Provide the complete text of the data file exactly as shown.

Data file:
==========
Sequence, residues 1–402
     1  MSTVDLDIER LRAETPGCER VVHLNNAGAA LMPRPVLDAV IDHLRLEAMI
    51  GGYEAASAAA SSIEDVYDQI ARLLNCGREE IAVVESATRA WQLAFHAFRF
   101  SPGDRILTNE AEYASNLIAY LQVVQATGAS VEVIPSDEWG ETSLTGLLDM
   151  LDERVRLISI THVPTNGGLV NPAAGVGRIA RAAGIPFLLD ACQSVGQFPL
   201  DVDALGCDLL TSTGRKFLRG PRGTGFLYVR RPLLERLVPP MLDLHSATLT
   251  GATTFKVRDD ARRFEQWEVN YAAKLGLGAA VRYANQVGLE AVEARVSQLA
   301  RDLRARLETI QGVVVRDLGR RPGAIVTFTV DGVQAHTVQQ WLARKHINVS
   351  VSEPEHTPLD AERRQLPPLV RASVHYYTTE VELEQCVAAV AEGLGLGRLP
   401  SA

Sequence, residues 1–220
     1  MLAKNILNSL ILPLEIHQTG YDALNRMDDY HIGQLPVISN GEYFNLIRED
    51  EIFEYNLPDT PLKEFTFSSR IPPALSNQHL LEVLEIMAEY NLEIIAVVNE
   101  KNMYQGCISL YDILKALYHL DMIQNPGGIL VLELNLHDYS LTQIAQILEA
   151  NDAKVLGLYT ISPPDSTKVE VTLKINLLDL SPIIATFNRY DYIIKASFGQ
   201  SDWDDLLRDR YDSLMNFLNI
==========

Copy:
Sequence, residues 1–402
     1  MSTVDLDIER LRAETPGCER VVHLNNAGAA LMPRPVLDAV IDHLRLEAMI
    51  GGYEAASAAA SSIEDVYDQI ARLLNCGREE IAVVESATRA WQLAFHAFRF
   101  SPGDRILTNE AEYASNLIAY LQVVQATGAS VEVIPSDEWG ETSLTGLLDM
   151  LDERVRLISI THVPTNGGLV NPAAGVGRIA RAAGIPFLLD ACQSVGQFPL
   201  DVDALGCDLL TSTGRKFLRG PRGTGFLYVR RPLLERLVPP MLDLHSATLT
   251  GATTFKVRDD ARRFEQWEVN YAAKLGLGAA VRYANQVGLE AVEARVSQLA
   301  RDLRARLETI QGVVVRDLGR RPGAIVTFTV DGVQAHTVQQ WLARKHINVS
   351  VSEPEHTPLD AERRQLPPLV RASVHYYTTE VELEQCVAAV AEGLGLGRLP
   401  SA

Sequence, residues 1–220
     1  MLAKNILNSL ILPLEIHQTG YDALNRMDDY HIGQLPVISN GEYFNLIRED
    51  EIFEYNLPDT PLKEFTFSSR IPPALSNQHL LEVLEIMAEY NLEIIAVVNE
   101  KNMYQGCISL YDILKALYHL DMIQNPGGIL VLELNLHDYS LTQIAQILEA
   151  NDAKVLGLYT ISPPDSTKVE VTLKINLLDL SPIIATFNRY DYIIKASFGQ
   201  SDWDDLLRDR YDSLMNFLNI